Archives give us a chance to look at the world in a lot of different ways, through lenses big and small. Today, we take a cross section of life on this date, August 25, across the decades. From 1840 to 1945, people were still people, and not that different from you and I, whether dealing with everyday concerns or faced with especially trying times.
Their punctuation and spelling could be just as atrocious as ours, and their typing could definitely have used the autocorrect technology we rely on. Their handwriting, however, can be pretty different from ours. That’s reason enough to take a peek at the excerpts below. Are you from a generation that can still read cursive? (I am.) Some of these were a real challenge…
Your last letter concluded with “many wishes for my continued health and happiness” — now I will tell you how these wishes may be fully gratified — only continue to write such letters and frequently & I think I can answer pretty confidently both for my health and happiness.
The condition of the Reg is improving daily – the sick are [returning?]. We already have the largest Regiment in the Brigade. Much anxiety is being felt as to our future movement not only in the [country/county?] but here in the army also. We expect a big fight before going a great distance from here.
I am now pretty certain t[hat] Charleston will fall. People[?] it in earnest – & where I will go to is hard to say – mighty little now here.
Augusta Evans Wilson in Birmingham, Ala., to Rachel Heustis, about her “hay-fever” and subsequent “grassphobia”:
…my suffering in New York
was caused entirely by a visit to the “Metropolitan Museum of Art” in Central Park, where the lawn grass had been mown the day previous, and raked into small piles. Whiles I should enjoy being with you, and would doubtless find the Hotel much cooler than the city, I dread a renewal of my great suffering…
I was a candidate in the late Election for the office of Sheriff and was beaten by Sectional Strife the small majority of 72 votes in the county — the Elect has failed to make bond in the time prescribed by law and the office is declassed vacant to the appointing power – and I was the next fastest in the Election and urged by my friends to make application for the appointment I respectfully ask your Honor to recomend me to the appointing power.
Jen B. and I expect to leave for the World’s Fair the first week in September, and from there I expect to go to West [Plaines] to see Bird.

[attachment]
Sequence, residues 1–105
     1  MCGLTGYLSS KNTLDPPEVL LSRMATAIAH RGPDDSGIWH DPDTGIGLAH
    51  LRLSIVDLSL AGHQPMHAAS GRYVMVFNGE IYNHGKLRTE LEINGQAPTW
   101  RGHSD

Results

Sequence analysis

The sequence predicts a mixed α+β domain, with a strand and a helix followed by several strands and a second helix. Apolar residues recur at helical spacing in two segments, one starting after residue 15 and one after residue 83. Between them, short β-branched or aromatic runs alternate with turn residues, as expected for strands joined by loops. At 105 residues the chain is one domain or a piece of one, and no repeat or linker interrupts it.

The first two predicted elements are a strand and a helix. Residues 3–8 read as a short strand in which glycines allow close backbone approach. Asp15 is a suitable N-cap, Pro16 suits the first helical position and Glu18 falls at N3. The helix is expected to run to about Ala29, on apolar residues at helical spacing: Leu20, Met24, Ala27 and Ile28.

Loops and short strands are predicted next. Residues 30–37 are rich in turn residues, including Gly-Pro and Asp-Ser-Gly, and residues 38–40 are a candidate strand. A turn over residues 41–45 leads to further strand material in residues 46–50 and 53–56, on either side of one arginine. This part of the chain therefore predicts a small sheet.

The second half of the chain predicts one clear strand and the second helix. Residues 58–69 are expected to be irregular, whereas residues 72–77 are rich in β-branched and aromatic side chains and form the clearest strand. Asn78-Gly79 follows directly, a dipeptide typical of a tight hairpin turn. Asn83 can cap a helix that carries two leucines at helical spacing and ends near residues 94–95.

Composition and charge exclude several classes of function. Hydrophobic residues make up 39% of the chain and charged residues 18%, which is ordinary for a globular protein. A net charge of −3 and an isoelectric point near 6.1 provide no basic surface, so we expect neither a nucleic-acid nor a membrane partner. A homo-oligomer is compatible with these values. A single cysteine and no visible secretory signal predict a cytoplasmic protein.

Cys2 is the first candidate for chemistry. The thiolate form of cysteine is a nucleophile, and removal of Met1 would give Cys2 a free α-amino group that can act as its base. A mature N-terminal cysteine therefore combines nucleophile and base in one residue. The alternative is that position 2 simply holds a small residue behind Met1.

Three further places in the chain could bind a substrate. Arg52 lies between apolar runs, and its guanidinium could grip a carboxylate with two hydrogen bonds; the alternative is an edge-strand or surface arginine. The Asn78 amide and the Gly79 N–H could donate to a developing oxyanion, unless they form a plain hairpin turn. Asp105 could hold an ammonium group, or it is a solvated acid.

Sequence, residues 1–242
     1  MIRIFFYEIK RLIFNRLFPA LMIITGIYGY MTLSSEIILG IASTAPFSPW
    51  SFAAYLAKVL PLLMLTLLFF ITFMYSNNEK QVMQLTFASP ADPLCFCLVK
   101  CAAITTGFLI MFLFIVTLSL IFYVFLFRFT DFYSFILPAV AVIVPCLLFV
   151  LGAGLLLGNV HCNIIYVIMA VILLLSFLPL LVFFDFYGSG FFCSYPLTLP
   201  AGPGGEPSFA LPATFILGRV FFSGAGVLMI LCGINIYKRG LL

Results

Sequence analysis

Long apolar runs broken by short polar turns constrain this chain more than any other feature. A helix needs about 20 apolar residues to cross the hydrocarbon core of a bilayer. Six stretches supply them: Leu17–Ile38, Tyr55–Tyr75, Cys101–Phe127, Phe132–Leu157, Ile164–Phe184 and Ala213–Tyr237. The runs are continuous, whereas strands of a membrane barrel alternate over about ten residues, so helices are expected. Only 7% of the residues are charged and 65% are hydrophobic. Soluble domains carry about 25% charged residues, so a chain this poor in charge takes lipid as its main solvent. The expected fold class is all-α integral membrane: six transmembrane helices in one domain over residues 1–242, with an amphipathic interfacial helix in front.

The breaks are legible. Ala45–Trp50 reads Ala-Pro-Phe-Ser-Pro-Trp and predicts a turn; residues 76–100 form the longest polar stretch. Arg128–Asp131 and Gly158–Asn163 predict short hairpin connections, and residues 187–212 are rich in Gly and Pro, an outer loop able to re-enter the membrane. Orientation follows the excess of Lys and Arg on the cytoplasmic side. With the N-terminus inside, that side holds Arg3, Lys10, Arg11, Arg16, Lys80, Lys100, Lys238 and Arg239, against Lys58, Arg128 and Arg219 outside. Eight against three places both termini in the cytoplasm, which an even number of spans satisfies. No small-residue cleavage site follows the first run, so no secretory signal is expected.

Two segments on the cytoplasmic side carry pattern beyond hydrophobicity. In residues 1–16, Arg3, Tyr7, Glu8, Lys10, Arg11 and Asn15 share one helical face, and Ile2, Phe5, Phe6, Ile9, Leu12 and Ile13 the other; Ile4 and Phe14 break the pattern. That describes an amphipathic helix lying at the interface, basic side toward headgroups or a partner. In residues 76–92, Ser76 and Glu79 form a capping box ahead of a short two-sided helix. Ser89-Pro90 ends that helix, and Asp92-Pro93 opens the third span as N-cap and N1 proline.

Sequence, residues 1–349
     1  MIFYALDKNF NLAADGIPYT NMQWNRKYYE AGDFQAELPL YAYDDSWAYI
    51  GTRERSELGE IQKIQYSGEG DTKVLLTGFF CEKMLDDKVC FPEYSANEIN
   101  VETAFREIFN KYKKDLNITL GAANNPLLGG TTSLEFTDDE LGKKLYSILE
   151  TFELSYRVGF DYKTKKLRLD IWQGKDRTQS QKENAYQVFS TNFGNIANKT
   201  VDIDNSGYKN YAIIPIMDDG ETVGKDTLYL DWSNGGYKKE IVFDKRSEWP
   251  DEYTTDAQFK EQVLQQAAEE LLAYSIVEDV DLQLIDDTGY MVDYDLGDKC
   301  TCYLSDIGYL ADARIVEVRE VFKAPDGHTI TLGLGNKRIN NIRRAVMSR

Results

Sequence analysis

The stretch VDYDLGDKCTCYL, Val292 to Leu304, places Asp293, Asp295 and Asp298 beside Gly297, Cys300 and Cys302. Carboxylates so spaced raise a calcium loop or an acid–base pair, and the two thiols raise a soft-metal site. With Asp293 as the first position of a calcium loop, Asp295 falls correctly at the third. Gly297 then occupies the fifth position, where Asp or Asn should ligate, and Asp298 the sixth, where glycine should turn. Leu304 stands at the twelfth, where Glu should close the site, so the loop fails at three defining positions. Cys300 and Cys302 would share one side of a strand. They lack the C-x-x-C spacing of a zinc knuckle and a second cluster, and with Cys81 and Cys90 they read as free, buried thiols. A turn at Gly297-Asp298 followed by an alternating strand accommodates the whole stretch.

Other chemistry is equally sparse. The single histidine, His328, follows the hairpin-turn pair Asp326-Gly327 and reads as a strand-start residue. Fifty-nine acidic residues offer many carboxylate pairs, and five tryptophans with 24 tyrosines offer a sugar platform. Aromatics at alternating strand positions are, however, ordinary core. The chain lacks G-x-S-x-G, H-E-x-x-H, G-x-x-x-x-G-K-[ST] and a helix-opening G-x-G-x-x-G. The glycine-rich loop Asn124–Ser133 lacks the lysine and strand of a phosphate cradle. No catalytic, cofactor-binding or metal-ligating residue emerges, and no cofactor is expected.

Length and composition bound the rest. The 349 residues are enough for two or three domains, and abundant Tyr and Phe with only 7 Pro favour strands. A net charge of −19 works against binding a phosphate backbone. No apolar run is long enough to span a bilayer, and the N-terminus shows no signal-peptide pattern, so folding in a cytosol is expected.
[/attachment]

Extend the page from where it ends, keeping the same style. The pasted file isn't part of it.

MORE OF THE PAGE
Alfred has been here twice – he leaves next week – I do wish he could be induced to do something besides smoking and reading fiction. He tried to enter Princeton again but owing to his record there – being conditioned in three studies he could not be admitted unless he worked [them?] off. He ought to be employed.
There is certainly something wrong. But we do not have anything more to eat for a week. Why? Because we had some “sho nuff” steak for dinner in addition to the blackberry cobler. Now that is too much for one day. Goodness alive, you should see how we did clean up with that dinner.
I presume you will think I had forgotten all about the coat I wrote you about to tell the truth it has been so beastly hot and our attic like a fiery Furnace for several weeks I simply could not go up to get it out of the Trunk but a change in the atmosphere a few days ago made it bearable up there so I fished it out aired it a day in the hot sun and today I have done it up ready to take to Post Office to be mailed to you.
William Williams at Tuskegee Normal and Industrial Institute to A. H. Woodward, asking advice about continuing in school:
I have plenty courage and faith. For the seven years I have been here I have put all I have into my work. It is not any work I have done that I am ashame of. I can lay brick, plaster, upholster furniture, top cars, landscape grow flowers and play music, and I am second year college. I believe I can make it up if I wont be able to get any more. I feel that I can hold any job I be skillful. I hope you will give me some advice as to what to do.
I hardly know what to say or how to start to thank you for your thoughtfulness and kindness during my illness. Well here goes: your letter arrived first and believe me Dick it was good, and really I had to smile, even though I was in pain. I’m glad you tore up that morbid one I much prefer the humorous one because I also was [morbid?]. Then the beautiful care from you, have me a good feeling too. The verse was well. But when those beautiful flowers arrive in the afternoon, I was spell bound and such a gorgeous bouquet Dick.
The water still wasn’t on when we come in so we took a B. B. (Bucket Bath). There was a leak in one of the big tanks and was possible to catch water in a bucket by holding your hands against the tank so that the water would fall into the bucket. Cain and I took turns, he carried the water for me while I bathed and then I carried water for him. you know the fellows didn’t grip and beef as usual. about all they said was, “Well we won’t have to do this much longer.” It is going to be wonderful to get back the things that we once thought were the necessitys of life.
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